Who to trust: Physicians and patients strongly disagree on physician rating website accuracy — 10 takeaways

Practice Management

A recent study published in the Journal of General Internal Medicine compared patient and physician perspectives on increasingly popular physician rating websites.

Here are 10 things to know:

 

1. The study's surveys were filled out by 828 physicians and 494 adult patients in August 2015 after the patients had received care in the physicians' system in May 2015.

 

2. Of the included physicians, 53 percent reported visiting a physician rating website, while 39 percent of patients had done so.

 

3. Numerical data found on health system patient experience surveys was trusted by 53 percent of physicians and 62 percent trusted the added comments. Only 36 percent of the physicians trusted numerical data and narrative comments found on independent websites.

 

4. On the other hand, 57 percent of patients trusted data obtained from independent websites as opposed to the 45 percent of those who preferred health system patient surveys.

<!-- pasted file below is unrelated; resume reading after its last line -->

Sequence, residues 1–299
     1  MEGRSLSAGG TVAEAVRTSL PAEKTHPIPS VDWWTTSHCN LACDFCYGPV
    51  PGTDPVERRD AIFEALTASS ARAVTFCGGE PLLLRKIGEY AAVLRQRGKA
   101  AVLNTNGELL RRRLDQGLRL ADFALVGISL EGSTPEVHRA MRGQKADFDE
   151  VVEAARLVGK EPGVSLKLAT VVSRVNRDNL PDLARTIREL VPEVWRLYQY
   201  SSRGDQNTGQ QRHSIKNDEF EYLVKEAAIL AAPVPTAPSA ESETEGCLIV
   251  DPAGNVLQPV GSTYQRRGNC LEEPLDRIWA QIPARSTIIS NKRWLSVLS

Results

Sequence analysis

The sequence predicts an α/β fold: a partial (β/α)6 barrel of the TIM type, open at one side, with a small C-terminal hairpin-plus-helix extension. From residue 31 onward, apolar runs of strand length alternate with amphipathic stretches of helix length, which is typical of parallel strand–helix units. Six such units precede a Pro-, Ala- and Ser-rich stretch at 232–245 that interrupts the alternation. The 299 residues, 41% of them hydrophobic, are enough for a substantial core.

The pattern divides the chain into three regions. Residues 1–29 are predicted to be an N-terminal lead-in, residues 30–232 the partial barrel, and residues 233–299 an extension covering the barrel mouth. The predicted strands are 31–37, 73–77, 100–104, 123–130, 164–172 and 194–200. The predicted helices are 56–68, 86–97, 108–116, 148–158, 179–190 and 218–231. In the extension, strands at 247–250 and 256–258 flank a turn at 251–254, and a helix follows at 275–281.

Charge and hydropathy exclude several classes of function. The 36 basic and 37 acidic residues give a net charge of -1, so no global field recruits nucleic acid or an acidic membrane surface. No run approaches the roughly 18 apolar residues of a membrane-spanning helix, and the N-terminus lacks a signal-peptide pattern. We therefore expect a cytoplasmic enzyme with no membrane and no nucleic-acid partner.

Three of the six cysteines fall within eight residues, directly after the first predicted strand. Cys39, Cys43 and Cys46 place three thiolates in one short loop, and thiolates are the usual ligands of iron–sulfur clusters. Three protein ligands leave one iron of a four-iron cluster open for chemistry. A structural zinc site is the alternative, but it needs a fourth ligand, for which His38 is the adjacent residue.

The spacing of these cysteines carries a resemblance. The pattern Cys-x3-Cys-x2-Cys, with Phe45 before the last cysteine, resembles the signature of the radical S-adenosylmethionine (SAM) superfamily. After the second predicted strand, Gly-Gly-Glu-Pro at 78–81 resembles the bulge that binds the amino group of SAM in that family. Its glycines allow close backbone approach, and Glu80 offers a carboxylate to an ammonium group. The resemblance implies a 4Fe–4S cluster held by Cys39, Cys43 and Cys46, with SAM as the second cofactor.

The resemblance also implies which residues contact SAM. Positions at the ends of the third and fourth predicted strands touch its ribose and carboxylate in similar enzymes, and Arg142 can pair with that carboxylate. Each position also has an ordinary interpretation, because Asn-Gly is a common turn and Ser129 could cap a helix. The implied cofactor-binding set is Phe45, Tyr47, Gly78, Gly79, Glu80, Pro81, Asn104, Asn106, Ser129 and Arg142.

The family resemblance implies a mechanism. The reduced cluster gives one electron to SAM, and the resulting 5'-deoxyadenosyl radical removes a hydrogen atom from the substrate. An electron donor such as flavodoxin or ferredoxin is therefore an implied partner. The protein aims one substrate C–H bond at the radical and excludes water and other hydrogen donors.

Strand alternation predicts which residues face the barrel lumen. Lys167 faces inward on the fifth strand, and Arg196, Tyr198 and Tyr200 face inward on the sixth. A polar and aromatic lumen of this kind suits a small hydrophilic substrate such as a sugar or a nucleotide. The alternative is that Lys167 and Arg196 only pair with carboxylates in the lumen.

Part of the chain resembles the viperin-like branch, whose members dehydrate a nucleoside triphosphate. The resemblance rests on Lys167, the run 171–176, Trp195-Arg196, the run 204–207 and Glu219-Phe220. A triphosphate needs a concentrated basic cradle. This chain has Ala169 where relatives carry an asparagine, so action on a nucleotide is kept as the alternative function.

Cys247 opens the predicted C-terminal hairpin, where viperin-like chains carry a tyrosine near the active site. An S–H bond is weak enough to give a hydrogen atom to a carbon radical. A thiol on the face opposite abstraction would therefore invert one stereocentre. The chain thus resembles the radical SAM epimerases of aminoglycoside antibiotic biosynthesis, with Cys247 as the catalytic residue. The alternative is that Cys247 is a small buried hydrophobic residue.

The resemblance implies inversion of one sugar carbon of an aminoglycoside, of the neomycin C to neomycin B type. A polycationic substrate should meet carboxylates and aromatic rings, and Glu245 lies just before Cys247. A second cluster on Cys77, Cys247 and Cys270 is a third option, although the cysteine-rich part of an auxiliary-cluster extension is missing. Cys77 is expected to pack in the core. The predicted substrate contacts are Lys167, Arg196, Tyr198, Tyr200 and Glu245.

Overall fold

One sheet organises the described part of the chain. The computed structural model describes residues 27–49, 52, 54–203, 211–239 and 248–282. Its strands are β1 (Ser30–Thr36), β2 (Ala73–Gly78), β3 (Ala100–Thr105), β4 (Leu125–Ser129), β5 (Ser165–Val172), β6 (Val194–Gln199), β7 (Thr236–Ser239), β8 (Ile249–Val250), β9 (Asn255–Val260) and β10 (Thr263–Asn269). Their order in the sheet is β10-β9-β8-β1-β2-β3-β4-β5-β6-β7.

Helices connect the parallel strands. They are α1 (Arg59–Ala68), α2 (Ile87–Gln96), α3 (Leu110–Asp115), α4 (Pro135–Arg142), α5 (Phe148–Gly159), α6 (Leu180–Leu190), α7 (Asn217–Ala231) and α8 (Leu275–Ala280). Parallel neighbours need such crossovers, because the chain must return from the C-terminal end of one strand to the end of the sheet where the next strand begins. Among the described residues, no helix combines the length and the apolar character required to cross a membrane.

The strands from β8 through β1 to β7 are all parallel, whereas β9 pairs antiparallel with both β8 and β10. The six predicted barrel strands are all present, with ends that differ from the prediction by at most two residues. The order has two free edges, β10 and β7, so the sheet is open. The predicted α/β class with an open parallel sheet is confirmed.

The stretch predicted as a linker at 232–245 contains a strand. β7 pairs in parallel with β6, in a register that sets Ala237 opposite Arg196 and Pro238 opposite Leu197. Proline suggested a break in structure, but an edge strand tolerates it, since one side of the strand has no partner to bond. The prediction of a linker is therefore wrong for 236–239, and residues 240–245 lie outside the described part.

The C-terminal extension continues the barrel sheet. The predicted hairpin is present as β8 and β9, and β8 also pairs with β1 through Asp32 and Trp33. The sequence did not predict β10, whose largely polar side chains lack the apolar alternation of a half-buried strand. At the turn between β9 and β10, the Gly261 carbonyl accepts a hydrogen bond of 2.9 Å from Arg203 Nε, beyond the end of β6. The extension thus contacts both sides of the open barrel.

5. The prospect of posting narrative comments online for all to read was supported by 21 percent of physicians and 51 percent of patients.

 

6. Most physicians (78 percent) believed that their job stress would rise dramatically if narrative comments were posted online.

 

7. Of the patients involved in the study, 29 percent believed that posting narrative comments online would cause them to be less open.

 

8. Nearly half (46 percent) of the physicians believed that online narrative comments would damage physician-patient relationships.

 

9. The researchers concluded that physicians and patients have starkly different views when it comes to physician rating websites.

 

10. The Boston-based researchers were Alison M. Holliday of Harvard Medical School; Allen Kachalia, MD, of Harvard Medical School and Brigham and Women's Hospital; Gregg S. Meyer, MD, of Harvard Medical School, Partners Healthcare System and Massachusetts General Hospital; and Thomas D. Sequist, MD, of Harvard Medical School, Brigham and Women's Hospital and Partners Healthcare System conducted the study.


 
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